Uruguayan researchers visit the CBG for training intensive
"We realize that we can do things that 15 days ago we had no idea we could do."
Seven scientists with various research interests spanning agricultural pests to spiders to nematodes spent two weeks at the Centre for Biodiversity Genomics (CBG) in March to learn about new technologies for biodiversity analysis from the Centre’s experts.
Visiting researchers included: Mario Giambiasi, Renzo Vettorazzi, Ary Mailhos, Natalia Rigamonti, Laura Montesdeoca, Claudia Elizondo, and Leandro Capurro.
“I was astounded by the leading-edge technology, the ingenious ways of solving problems, and the polished, high-efficiency of the work teams,” said Renzo Vettorazzi, a Ph.D. student at the Institute of Hygiene-Facultad de Ciencias.
Dr. Dirk Steinke, associate director for CBG’s Analytics Unit, developed a curriculum for the visitors that included a series of lectures, seminars, and many hands-on research exercises. The researchers were introduced to different aspects of DNA barcoding and metabarcoding using participants’ specimens. They were able to experience a newly developed DNA barcoding workflow that is low-cost and requires minimal infrastructure.
Laura Montes de Oca from the Instituto de Investigaciones Biológicas Clemente Estable in Montevideo said she hopes to promote the creation of genetic libraries to enrich taxonomic work in Uruguay and encourage students and early career researchers to incorporate DNA barcoding tools into their taxonomic work to identify species and discover new ones.
The CBG’s Sean Prosser, a research analyst in the Genomics Unit, shared his knowledge and expertise with the trainees, showing them workflows, from specimen to DNA extraction, to DNA sequence and finally uploading resulting barcode data to the CBG’s BOLD data system. Robin Floyd, a research scientist in CBG’s new Innovation Unit and Prosser have worked together to develop and refine workflows and protocols.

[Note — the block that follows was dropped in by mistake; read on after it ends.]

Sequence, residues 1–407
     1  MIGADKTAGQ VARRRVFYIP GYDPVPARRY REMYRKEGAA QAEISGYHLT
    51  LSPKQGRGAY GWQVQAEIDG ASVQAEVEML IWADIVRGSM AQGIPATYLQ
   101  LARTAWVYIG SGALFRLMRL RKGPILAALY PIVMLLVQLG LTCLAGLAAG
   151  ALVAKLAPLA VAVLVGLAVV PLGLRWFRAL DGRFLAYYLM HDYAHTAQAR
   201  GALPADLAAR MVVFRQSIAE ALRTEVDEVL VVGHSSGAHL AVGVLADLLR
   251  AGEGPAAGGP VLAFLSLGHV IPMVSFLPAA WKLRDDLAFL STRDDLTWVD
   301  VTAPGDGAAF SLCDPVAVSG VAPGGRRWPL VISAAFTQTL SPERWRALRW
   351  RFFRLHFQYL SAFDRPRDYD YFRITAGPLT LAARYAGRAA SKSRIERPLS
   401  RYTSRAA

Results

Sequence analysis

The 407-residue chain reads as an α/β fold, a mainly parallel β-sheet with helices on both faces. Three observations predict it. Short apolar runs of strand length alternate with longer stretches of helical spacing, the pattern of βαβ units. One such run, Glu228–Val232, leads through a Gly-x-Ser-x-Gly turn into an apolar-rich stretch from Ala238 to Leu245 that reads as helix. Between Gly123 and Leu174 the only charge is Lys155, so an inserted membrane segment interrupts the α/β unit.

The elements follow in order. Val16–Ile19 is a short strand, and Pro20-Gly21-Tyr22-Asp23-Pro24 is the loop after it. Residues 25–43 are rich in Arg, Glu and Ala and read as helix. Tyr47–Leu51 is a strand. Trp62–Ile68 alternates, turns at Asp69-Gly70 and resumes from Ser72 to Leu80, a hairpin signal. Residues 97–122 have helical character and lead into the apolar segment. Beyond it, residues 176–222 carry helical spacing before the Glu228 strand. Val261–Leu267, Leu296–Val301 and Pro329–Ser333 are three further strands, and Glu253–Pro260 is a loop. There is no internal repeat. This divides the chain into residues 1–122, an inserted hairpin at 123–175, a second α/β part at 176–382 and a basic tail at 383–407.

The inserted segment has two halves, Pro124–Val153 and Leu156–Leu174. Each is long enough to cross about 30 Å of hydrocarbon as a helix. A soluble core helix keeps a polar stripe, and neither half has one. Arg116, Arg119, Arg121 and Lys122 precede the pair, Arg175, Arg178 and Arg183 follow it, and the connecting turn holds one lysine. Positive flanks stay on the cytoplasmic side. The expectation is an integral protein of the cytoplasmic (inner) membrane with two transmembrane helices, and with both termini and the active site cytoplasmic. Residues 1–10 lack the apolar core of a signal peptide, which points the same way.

“I would like to continue to upload new specimens – primarily from Uruguay to BOLD,” said Montes de Oca, a postdoctoral researcher at Lincoln University in New Zealand, where she studies Mygalomorphae spiders from the Southern Hemisphere and their vulnerability to land perturbations.
Montes de Oca says she plans to share all the knowledge she gained at the CBG, including introducing her colleagues to the BOLD data system. She hopes to encourage them to upload their biodiversity data to BOLD to enhance barcode coverage from Uruguay.
The robotics used to photograph specimens to the novel equipment and protocols used to sequence more than a thousand samples from a single test tube are impressive, Giambiasi said. Giambiasi studies micropropagation of disease-free plants through in vitro culture, plant genetic improvement, and identifying insects in fruit trees, horticulture, forestry, and various crops.
“We realize that we can do things that 15 days ago we had no idea we could do,” said Giambiasi.
He plans to upload Uruguayan biodiversity data to BOLD and would like to incorporate metabarcoding technologies into his work.